• “Expert” opinions.A person purported to be an expert (possibly even the “President” of a local clock collector’s club) is at an auction examining a clock when you overhear him say loudly to his “clock-a-doo” pal “This clock is a mess. The movement is from a grandfather clock and the case is from a Cuckoo clock. I wouldn’t give $10 for it,” and about an hour later you notice the same gentleman bidding $1,750 on the very same clock. It is very common for a spurious purchaser to run down the merits of an item in order to scare away other potential Bidders. You can hear this being done at almost every auction. An oriental rug “expert” might publicly mention that the rug you are looking at may have been subjected to a herd of non-housebroken puppies. An Art Glass “expert” may claim a Tiffany signature is not correct. It is always best to study the items that you intend to bid on for yourself, and not rely on “free advice” (or not) from supposed “experts” (or not).
  • Bid speed.A Bidder intentionally slows down the bidding in an attempt to make you think an item may have reached its maximum value. A Bidder may also attempt to cut a bid increase in order to make you feel the bidding is already too high on an item. It is always best to learn values for yourself and not get fooled by another bidder trying to deflect your attention from a perfectly good item. This trick is occasionally done in reverse, when a Bidder will speed up their bidding in an attempt to make other Bidders think that they will pay any price for that item.
  • Attempting to misrepresent.As an Auctioneer is describing the next item for sale, an elderly gentleman stands up and loudly asks “Is that the one with the large crack in the side?” (knowing full well the item is in pristine condition). This is another situation where an interested Bidder is attempting to deflect interest in an item so that he may purchase it at a lower price. Look over all items prior to placing a bid so as not to bid too high or even too low on that item.
  • Leers, dirty looks, and intimidation attempts. Another common ploy is to try and frighten away potential bidding competition. I’ve seen bidders go as far as to stand up from their seats and turn to leer at a person bidding against them at an auction. I guess, occasionally, it may even work, to some extent.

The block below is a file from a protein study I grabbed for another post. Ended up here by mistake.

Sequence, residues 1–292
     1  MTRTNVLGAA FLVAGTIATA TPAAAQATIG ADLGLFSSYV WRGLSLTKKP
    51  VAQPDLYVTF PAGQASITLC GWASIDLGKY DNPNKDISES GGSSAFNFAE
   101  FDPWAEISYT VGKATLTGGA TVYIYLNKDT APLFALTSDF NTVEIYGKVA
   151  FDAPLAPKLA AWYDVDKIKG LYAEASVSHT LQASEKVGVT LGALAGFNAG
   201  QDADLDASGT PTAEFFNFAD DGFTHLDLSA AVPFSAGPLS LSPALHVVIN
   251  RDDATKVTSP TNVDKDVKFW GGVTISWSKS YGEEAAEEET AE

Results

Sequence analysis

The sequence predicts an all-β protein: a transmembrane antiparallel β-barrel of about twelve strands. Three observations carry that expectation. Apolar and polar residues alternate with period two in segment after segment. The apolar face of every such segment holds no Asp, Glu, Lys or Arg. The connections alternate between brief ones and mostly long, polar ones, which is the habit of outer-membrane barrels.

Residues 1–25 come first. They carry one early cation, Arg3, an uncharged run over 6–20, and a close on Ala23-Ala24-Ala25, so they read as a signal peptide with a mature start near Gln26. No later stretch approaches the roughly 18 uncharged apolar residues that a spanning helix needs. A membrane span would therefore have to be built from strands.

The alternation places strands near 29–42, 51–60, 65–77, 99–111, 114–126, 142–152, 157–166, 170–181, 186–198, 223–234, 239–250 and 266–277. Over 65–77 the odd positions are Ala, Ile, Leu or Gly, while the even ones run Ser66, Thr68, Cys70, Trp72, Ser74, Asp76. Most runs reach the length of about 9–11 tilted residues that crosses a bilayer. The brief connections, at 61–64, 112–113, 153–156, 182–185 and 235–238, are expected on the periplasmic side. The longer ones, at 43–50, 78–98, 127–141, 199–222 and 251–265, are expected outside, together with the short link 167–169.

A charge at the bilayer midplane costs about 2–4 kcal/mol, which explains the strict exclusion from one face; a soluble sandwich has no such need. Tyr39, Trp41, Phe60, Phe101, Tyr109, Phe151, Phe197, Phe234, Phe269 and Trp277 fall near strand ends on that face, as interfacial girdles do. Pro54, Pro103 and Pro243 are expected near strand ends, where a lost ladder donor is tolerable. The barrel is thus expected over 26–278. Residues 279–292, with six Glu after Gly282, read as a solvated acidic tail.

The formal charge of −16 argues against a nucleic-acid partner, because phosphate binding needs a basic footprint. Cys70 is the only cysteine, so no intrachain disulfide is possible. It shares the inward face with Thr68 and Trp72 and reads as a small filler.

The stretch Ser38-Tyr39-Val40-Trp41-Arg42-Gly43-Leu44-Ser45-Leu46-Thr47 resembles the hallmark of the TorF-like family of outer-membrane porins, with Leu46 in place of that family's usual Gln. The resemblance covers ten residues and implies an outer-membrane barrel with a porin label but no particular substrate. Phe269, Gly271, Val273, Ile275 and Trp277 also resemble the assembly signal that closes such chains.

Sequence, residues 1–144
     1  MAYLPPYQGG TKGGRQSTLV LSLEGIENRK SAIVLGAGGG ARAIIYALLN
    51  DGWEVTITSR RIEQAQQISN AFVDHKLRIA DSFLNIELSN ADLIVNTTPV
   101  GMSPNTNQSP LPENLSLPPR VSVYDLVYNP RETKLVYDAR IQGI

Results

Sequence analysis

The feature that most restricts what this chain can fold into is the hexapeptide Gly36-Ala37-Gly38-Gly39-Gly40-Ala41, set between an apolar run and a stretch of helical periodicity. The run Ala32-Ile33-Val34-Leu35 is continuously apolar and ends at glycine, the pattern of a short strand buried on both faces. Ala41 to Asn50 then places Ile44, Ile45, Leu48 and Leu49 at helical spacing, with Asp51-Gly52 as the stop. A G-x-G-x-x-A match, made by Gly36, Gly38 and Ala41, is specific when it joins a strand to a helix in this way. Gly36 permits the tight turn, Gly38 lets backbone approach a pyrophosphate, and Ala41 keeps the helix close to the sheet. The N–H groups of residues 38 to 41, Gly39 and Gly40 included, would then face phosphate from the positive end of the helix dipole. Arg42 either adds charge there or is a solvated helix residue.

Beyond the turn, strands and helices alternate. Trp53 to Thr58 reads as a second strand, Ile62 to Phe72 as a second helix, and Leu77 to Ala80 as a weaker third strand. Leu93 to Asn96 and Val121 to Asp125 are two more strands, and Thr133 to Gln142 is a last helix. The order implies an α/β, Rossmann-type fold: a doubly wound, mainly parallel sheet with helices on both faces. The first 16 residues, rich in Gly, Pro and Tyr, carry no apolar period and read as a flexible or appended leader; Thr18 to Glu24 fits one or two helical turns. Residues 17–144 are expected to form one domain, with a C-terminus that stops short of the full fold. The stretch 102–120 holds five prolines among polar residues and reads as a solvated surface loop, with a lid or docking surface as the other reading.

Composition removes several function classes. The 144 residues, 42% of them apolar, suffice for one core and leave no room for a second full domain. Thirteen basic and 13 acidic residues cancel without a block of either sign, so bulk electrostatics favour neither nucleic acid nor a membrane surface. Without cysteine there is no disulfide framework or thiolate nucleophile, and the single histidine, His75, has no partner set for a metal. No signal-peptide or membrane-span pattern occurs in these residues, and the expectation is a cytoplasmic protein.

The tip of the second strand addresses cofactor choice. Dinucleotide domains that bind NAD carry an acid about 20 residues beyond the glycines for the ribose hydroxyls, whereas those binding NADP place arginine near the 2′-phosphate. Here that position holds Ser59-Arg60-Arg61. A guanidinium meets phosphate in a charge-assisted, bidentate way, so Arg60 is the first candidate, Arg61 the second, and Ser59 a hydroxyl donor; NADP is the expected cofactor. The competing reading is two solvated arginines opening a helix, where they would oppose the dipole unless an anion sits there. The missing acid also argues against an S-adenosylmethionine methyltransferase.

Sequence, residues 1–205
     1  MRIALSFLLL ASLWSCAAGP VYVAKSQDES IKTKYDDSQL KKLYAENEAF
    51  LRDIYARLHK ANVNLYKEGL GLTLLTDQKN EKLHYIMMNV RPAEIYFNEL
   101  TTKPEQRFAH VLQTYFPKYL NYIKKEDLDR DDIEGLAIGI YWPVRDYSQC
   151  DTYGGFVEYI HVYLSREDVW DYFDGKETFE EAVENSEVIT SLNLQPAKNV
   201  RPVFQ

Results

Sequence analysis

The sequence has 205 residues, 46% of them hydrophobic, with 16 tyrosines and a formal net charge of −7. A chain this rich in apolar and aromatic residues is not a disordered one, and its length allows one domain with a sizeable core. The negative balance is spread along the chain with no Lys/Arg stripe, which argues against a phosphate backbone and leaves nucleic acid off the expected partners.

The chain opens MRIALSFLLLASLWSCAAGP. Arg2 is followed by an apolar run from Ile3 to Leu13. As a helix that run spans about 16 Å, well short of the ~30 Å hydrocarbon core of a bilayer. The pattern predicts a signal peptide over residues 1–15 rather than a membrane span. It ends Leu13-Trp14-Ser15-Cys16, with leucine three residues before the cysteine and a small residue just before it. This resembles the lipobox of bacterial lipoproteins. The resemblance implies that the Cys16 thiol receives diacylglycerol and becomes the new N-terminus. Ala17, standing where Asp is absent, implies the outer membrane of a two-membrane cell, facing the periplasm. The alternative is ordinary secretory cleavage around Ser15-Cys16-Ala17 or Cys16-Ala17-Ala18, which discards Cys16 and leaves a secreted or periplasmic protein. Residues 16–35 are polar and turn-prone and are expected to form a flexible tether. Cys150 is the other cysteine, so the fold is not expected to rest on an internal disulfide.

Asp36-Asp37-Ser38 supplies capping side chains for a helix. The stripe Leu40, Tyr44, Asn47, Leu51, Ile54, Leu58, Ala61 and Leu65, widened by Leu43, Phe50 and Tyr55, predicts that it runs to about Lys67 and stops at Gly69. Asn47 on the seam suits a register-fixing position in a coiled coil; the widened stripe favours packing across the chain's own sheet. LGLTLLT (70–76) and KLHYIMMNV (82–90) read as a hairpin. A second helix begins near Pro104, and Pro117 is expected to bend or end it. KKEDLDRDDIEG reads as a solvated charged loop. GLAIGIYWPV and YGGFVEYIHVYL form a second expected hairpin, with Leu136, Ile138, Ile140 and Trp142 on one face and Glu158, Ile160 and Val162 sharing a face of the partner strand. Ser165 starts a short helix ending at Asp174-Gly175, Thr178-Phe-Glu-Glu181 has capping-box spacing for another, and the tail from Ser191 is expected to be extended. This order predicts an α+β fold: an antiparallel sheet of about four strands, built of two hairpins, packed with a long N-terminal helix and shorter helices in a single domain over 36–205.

Common Auctioneers Tricks

  • Fictional advertising copy.The single, most often complaint we hear is from customers who drive a long distance to an auction, only to discover that the item they are pursuing is mis-described or worse yet, not even at the auction. This, and most other Auctioneer tricks can quickly be dealt with by avoiding future auctions by that Auctioneer.Find an Auctioneer who you trust and like, and attend their auctions. Auctions can be an educational experience for both you and the Auctioneer, at times. Take advantage of the knowledge that experienced Auctioneers are usually happy to share with you.
  • Looks Like.Beware of the phrase “looks like”. “Looks like Walnut,” “Looks like Steuben”, “Looks like an early piece”, “Looks like Fenton”, “Looks Continental,” can all be misleading. Sometimes it’s intentional; sometimes it’s just an offer of an opinion, so don’t bank on it. Also the variation “looks good from here” should be questioned.
  • Bid speed, skipped bids. Many auctioneers think they are in control at an auction, when in reality, the Bidders are actually the ones with the upper hand. An Auctioneer may try to control things by speeding up the bidding and creating an “Auction Fever” type of situation, or slow down the bidding to create an air of importance to the item being sold. Some auctioneers seem to take forever to say SOLD, eking out the last dime, and others say SOLDso quickly, you can barely get your hand up. An old-timers’ trick was to “skip” a bid, by inserting a fictional bid in between two actual Bidders. Some Auctioneers would employ “phantom” Bidders to push up a price. These types of activities are now illegal and the various Auctioneers Associations have also strived to regulate conduct among their membership.
  • Other tricks of the trade. Auctioneers are part salesman, part educator, part entertainer, and sometimes part horse thief. I usually try to avoid the latter; however, greater knowledge can often foil their attempts at larceny. I have seen Auctioneers humor their audience into higher bids and I have also seen Auctioneers attempt to berate Bidders into raises; and a few others just plain beg. Some Auctioneers even speak in some unintelligible language in an attempt to confuse the Bidder. Thankfully, most Auctioneers are a relatively likeable bunch, who are only working hard to assist in public transactions between Sellers and Buyers.


Have fun at the Auction, and don’t forget to wave at the Auctioneer!


The actual event. The offering for sale of goods in a competitive bidding environment.

The offer to pay a specific amount for a particular item.

Our favorite person in the whole world! Grandpa Schmidt once claimed to have conducted an auction during the depression with only one Bidder!

The word an Auctioneer states to declare the acceptance of a final bid on an item.

Antique Auction
An auction offering antiques for sale from one or more individuals.

Estate Auction
An auction offering the contents of a single individual’s estate. While this type of auction has traditionally involved items from a deceased individual’s home or collection, modern usage has evolved into the term “Living Estate” which, of course, means that the owner is still among us.

Consignment Auction